August 28, 2009

Marilyn Manson Discusses His Reputation as a Nihilist

[I've long considered Manson among the most intelligent and creative minds in rock and roll history and certainly the most entertaining, but he is also its most misunderstood and rumor-filled figure. Since misunderstanding alienates people, it has always been my goal to seek the truth in all things and listen to what everyone has to say. In the September 2009 issue of Metal Hammer, Marilyn Manson was interviewed while on his US tour for Rockstar Mayhem (which I had the opportunity to attend). In the interview he discusses his reputation of being a Nihilist, and I thought he gave an interesting answer that others may be interested in as well. - J.S.]

"I think I've started to understand, in the midst of essentially having an identity crisis over the past year or two, not knowing or understanding who I'm supposed to be, that there's a part of me that has to go on stage and be in front of strangers, sharing my most intimate thoughts and there's part of me that does the same thing, but with people I know. So it's not two different people, it's more trying to come to terms with exposing your deepest secrets in front of people I don't know, which is kind of fucked.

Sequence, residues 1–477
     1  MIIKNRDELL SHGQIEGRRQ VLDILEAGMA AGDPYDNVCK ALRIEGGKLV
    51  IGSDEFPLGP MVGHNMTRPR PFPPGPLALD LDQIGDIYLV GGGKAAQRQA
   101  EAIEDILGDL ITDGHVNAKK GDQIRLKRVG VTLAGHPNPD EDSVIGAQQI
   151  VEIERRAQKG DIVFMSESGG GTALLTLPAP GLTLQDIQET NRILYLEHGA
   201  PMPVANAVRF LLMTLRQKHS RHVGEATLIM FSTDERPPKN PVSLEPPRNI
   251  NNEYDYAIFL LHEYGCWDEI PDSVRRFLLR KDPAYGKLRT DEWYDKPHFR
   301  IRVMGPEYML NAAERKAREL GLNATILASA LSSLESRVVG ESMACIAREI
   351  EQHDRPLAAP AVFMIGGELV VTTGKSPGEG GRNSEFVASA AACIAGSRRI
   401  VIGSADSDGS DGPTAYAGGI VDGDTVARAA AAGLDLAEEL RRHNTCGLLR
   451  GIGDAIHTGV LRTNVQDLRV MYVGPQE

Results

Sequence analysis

“It’s a weird thing because I’ve thought about this concept of when someone says, 'I don’t care what anyone thinks, I’ll do whatever I do!' To me that’s a misnomer because I do care what people think in different ways: I care about the people I know and love the most, but I also care about what the people I don’t know think in the sense that I want them to think and understand me in a certain way. I don’t base my life around either one and I don’t change the way I live to please either set of people, but I do care.

“If I didn’t care I wouldn’t be an artist, I’d be a nihilist and nihilism seems very exhausting. There’s no point in being any sort of artist or writer or painter or mime or whatever the fuck you want to be if you don’t care. You have to care in order to be able to put something into the world otherwise there’d be no point. It doesn’t mean that I’m positive all the time or that I’m a humanitarian or democrat or republican or any specific thing, except I can’t possibly be a nihilist because it contradicts art. You can be completely reckless and hate the world, you can be agnostic or many things, but nihilism, if you want to talk about what people define or misdefine me as, is not really possible. Yes, I’m reckless and sometime express no concern for my own well being and I express a misanthropic view of the world, but to have an opinion you can’t be a nihilist.”